An extremist group, the Interahamwe, which was not in any way interested in any kind of negotiated agreement, precipitated an insurrection and then commenced an orgy of killing, the likes of which have not been seen in recent human history.  It was genocide of a systematic, orchestrated manner.  It was a classic neo-Marxist purge in the way it was carried out, although it transcended anything that had preceded it in ferocity.  An estimated 1 million people were murdered.



Every Rwandan citizen had an ID card on which they were identified by ethnicity and it was these cards that became the vector of the Interahamwe's onslaught.  Educated people, Tutsis, people of mixed blood, the entire medical staff at the Kigali hospital were all killed in the most brutal manner.   Bodies were strewn everywhere and began washing down rivers and some were washed up in Uganda.

An ossuary, erected as memorial to the Genocide in the small settlement of Ntarama, south of Kigali, where hundreds of people were murdered in the local church by Interahamwe militias

A group of Belgian soldiers, assigned as a Presidential Guard, were directed by the UN Force HQ to surrender to the Interahamwe and were then hacked to pieces. This precipitated a crisis in the UN.  The remaining Belgians withdrew and the fate of UNAMIR was debated.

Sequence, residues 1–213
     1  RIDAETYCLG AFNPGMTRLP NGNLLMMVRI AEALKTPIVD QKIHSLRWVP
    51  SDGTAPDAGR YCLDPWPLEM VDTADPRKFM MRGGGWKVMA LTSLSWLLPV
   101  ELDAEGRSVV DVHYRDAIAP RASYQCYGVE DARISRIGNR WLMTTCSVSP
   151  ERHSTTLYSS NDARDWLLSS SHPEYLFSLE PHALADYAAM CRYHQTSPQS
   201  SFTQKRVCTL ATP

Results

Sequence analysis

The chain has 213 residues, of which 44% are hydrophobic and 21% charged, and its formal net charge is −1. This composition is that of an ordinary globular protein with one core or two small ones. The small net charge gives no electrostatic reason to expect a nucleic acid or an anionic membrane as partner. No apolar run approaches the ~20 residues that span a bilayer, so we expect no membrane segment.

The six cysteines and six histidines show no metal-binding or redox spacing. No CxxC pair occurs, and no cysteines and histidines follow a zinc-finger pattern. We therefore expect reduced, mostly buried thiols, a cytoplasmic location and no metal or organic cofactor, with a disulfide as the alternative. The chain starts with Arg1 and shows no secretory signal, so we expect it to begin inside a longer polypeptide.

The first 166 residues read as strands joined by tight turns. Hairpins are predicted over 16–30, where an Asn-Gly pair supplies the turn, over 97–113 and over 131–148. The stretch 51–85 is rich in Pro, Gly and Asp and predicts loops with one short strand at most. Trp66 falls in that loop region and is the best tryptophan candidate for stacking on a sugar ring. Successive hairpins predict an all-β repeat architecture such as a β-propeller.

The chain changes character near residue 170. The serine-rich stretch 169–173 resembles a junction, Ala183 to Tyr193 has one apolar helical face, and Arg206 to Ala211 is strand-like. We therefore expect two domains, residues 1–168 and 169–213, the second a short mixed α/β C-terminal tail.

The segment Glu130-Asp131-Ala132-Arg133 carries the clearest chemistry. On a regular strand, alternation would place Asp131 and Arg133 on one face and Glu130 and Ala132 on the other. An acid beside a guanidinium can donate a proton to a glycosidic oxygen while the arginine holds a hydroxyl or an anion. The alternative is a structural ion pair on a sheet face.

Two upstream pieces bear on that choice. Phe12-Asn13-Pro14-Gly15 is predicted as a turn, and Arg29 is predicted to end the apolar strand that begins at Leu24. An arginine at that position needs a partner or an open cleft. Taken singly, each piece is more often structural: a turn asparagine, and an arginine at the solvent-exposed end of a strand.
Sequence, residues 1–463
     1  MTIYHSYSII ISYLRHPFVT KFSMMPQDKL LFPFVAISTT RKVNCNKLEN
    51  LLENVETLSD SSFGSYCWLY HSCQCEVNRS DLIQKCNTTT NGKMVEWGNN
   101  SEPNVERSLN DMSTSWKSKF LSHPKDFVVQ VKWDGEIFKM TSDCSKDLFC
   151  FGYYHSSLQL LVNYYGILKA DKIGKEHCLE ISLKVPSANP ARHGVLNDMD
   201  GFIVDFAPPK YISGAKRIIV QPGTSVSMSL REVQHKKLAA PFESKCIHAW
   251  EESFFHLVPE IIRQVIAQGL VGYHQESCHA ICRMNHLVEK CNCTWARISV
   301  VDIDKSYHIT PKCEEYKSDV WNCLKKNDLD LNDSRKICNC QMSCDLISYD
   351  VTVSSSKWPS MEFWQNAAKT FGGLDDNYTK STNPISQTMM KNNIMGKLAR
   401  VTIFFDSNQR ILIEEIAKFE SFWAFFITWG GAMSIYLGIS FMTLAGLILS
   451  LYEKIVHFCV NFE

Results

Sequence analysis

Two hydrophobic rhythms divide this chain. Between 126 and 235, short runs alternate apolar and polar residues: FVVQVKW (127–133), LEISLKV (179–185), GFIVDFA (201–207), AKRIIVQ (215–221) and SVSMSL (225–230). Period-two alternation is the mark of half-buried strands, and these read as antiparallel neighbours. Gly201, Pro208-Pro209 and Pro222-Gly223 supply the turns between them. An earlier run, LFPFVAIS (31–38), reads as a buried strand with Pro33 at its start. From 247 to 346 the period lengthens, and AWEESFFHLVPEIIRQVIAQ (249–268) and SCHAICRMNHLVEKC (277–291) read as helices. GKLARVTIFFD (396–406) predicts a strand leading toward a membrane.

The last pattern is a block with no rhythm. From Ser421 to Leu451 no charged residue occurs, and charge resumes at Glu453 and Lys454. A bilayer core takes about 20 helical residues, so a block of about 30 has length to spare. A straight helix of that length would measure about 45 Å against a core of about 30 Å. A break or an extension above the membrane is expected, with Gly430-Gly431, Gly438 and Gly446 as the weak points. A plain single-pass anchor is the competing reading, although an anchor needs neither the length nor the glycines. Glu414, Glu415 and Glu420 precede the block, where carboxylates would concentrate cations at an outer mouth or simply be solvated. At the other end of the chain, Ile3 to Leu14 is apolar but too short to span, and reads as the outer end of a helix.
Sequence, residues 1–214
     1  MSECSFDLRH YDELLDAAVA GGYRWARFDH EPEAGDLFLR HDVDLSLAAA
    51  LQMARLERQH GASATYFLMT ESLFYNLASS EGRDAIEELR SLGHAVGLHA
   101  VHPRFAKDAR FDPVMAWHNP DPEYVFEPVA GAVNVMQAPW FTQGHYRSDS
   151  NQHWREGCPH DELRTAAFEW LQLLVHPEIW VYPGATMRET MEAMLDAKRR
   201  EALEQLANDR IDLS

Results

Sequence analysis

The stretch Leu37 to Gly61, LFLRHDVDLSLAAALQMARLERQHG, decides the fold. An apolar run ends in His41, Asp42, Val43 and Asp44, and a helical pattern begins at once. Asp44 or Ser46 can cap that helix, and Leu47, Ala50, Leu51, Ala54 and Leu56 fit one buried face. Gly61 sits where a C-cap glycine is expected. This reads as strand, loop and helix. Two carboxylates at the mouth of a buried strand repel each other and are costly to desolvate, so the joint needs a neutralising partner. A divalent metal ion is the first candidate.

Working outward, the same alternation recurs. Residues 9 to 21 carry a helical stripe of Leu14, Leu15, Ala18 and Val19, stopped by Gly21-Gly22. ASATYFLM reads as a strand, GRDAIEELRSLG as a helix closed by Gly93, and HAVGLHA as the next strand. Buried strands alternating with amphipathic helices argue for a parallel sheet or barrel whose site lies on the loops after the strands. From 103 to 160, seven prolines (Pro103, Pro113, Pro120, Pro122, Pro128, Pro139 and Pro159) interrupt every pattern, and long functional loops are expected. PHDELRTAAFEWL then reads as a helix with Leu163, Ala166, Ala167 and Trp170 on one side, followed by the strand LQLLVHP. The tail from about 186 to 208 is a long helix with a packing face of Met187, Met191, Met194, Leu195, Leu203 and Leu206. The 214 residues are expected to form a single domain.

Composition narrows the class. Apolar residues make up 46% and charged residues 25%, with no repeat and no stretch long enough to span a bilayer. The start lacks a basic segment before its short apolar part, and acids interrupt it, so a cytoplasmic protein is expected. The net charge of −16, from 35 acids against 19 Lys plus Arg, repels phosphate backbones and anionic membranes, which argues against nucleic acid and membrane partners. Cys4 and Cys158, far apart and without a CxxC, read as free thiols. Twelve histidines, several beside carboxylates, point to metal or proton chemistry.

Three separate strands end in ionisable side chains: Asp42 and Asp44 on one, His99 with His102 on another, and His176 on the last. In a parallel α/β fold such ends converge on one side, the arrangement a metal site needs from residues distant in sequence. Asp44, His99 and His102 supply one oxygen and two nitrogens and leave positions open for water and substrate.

The RPF, now led by General Paul Kagame (who had been a Major attending US Army Staff College when he withdrew to return home in order to take command of the RPF) stepped up its drive on Kigali after they realised the world was standing by while the genocide continued unabated. This renewed outbreak of violence saw the evacuation of foreign nationals and the bulk of UNAMIR forces.

In the interim, on 17 May 1994, the United Nations Security Council authorised a Chapter VI peacekeeping mandate for a 5500 strong force, known as UNAMIR II, for deployment to Rwanda. Separately, the French Government sought and was granted approval under UN Chapter VII articles to organise a safe haven (known as a Humanitarian Protection Zone) in the south west of Rwanda.

French soldiers of Operation TURQUOISE in June 1994

In mid-June the French enacted Operation TURQUOISE deploying 2500 soldiers, mainly infantry, to set up and enforce the protection zone during 22 June - 21 August 1994. The United States also deployed forces, separate to UNAMIR II, to create an airhead in Uganda and to also improve the Kigali airport in preparation for the arrival of UNAMIR II forces.

On 4 July 1994 the RPF captured Kigali and by 18 July the RPF had seized control of the greater part of Rwanda. At this point an estimated 1 million Rwandan Tutsis and moderate Hutus had been killed in the fighting and almost twice that number displaced.  A systematic count by the government of Rwanda in collaboration with genocide survivor organisations established that 1,074,017 people were killed, of whom 934,218 have been identified by names: 93.6% were killed because they were Tutsi; the others either because they were Hutus married to Tutsis, resembled Tutsi, had hidden Tutsi neighbours or were Hutus who opposed the killings.